Will has also gained access to the many photos which Syd himself took,
many of which are of paintings which he would subsequently destroy. Others are photographs of objects arranged for a still life (a fish shaped ashtray, a candleholder, a marble, flowers in a glass bottle).
There are also photographs which Syd took to use as the basis of paintings. This is a fascinating insight into one of his working methods. We're shown a photo which Barrett took on a trip to London circa 2003/4 - a seemingly random photograph of people on a busy street . We're then shown the preparatory sketch he makes based on the photo and finally we see his completed abstract painting.
Syd also took a photo of a boutique called 'Freak Naughty' Perhaps something about that name appealed to his sense of humour. (A quick search on Google reveals that the shop was within walking distance of Cromwell Road and Egerton Court in Barrett's old stomping ground of South Kensington).
Other previously unseen photos dating from 1963-65 show several of Syd's early paintings photographed outside the family's Hills Road home.
During this period, each year Syd would present Libby with a Christmas present of a painting and an object which related to it in some way (perhaps echoing the colours or shapes). These objects still exist and are shown in the book: a blue glass ball was given with a large blue abstract canvas, a kaleidoscope accompanied a self portrait, the 'Little Red Rooster' abstract arrived with a big red candle and a painting on cellophane was matched with a clay sculpture.
And of course in this section there are beautiful reproductions of all Barrett's paintings which are still in existence. Where possible they have been photographed especially for this book and are beautifully reproduced in very high quality.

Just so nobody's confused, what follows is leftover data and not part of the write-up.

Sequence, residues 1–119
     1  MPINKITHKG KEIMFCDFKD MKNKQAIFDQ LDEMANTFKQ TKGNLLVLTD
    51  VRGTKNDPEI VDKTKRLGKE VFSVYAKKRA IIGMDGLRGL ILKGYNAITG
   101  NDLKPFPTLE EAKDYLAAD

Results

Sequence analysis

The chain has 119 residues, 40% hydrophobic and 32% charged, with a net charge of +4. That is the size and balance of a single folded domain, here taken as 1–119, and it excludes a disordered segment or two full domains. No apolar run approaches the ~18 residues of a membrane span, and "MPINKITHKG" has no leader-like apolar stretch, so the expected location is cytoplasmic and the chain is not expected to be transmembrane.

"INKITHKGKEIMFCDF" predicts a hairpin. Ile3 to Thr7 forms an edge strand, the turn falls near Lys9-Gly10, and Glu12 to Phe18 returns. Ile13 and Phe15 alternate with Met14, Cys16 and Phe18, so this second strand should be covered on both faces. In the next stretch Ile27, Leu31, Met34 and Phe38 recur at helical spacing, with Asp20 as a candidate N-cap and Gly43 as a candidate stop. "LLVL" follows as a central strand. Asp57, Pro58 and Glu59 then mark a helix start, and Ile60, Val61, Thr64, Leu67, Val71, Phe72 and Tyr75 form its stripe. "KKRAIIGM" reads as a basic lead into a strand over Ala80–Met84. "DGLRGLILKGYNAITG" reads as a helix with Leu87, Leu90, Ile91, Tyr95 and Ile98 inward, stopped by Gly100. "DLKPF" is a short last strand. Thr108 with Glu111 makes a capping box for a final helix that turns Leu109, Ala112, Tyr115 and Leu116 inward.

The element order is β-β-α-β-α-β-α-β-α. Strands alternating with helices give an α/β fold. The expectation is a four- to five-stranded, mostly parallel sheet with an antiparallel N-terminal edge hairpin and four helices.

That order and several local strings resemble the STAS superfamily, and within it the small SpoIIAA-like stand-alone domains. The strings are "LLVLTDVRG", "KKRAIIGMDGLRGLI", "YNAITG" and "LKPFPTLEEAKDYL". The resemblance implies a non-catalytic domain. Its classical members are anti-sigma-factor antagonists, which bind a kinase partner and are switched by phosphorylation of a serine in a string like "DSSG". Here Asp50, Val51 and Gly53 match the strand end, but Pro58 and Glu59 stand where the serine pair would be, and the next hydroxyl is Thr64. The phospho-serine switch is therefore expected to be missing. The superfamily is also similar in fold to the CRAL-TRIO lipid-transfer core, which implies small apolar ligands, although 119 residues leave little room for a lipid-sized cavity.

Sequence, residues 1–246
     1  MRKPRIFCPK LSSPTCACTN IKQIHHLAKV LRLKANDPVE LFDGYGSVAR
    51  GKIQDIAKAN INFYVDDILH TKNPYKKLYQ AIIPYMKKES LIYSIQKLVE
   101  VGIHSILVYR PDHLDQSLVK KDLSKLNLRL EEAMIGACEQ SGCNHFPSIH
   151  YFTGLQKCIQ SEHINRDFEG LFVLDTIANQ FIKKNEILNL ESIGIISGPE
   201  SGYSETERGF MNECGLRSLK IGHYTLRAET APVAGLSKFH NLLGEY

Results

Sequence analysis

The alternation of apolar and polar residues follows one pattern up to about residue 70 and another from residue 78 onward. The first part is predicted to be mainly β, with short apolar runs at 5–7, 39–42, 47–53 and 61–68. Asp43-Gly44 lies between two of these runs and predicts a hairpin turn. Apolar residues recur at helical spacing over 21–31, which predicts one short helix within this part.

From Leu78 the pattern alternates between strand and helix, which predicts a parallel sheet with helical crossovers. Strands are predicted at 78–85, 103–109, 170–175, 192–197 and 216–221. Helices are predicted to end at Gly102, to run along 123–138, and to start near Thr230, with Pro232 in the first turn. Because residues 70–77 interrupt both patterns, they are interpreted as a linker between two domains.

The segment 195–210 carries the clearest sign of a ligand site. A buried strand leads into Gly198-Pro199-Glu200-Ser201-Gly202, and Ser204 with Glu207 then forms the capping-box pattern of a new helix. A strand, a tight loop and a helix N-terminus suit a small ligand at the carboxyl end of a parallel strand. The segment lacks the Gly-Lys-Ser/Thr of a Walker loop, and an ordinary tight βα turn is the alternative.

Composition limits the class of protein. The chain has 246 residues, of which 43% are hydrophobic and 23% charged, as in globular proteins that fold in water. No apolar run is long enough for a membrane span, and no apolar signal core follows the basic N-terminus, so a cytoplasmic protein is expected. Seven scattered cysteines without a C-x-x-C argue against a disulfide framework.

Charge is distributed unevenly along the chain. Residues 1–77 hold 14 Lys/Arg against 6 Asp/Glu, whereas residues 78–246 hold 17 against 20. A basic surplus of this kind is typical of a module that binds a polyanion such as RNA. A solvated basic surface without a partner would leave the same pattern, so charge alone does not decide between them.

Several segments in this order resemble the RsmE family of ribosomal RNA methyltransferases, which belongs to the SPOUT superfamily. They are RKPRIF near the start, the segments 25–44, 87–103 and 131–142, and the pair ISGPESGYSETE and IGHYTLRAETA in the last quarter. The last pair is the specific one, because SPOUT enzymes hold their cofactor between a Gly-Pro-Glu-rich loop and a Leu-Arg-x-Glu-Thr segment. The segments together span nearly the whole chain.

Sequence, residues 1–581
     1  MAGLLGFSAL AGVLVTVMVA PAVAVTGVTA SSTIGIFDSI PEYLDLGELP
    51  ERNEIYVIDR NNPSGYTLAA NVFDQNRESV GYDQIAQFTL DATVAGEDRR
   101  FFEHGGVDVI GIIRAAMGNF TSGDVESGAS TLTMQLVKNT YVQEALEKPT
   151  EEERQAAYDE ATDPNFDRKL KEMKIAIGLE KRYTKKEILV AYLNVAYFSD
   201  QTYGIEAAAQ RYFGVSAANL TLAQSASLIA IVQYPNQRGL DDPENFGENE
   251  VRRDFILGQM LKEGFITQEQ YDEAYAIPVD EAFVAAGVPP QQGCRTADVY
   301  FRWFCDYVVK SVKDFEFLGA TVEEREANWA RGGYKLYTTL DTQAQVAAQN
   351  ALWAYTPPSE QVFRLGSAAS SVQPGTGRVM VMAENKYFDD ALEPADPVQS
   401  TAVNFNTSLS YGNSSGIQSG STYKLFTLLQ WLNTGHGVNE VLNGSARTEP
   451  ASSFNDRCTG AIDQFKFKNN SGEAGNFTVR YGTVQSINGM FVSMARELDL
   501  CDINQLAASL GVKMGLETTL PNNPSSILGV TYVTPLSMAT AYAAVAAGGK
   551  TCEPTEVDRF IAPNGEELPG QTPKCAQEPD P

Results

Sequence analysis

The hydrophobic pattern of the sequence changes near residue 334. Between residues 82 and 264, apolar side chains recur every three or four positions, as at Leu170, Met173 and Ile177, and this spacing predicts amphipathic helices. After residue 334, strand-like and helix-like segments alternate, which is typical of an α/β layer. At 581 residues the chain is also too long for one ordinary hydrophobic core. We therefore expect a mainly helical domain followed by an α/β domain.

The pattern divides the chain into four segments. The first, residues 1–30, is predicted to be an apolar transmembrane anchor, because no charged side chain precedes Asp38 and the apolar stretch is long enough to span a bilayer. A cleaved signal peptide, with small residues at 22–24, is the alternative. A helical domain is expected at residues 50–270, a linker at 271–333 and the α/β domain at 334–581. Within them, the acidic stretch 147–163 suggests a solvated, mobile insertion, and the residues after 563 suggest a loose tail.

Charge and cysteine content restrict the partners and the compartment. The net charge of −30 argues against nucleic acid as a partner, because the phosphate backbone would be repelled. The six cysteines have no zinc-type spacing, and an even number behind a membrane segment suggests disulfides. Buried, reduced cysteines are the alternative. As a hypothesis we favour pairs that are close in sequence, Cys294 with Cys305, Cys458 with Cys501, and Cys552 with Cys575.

Likewise 'Fart Enjoy' has been newly scanned at very high resolution and it appears here as full page reproductions. And yes - it includes that naughty page which was left out of the 'Piper' special edition booklet a few years ago.
The art section finishes with the Catalogue Raisonné - the complete catalogue of all the Barrett artworks known to have existed; over one hundred items.
At City Wakes a few years ago, I was disappointed that there was no proper catalogue to accompany the exhibition. In this book we finally get it (and so much more). The Art section alone could have been published as an expensive monograph. To have all the rare photos and letters as well justifies the price of this book in my opinion.
For those with deeper pockets (or higher credit limits), there is a special 'Signature' edition also available. Whereas the 'Classic' edition is clothbound and presented in a slipcase (very nice in itself), the Signature edition comprises of two leather-bound volumes in a hinged box. The second volume (which is only available in this edition) includes two complete photo sessions of the fledgling Pink Floyd taken on separate dates at the offices of Blackhill Enterprises. Irene Winsby, who took the photos, relates the story behind the sessions in her foreword to this book.
The Signature edition will also be signed by the authors and one of Syd's siblings. It will be limited to 500 numbered copies and will surely become very collectable in future years.
So in conclusion, I think Russell Beecher and Will Shutes should be congratulated on a fantastic job. This is an amazing piece of work which has obviously been painstakingly and meticulously researched and compiled. It should become an essential purchase for the serious Barrett enthusiast.
"Barrett" is due to be published on March 18th to coincide with the major Barrett exhibition at the Idea Generation Gallery in London.
More info about the book including how to order it, can be found at www.barrettbook.com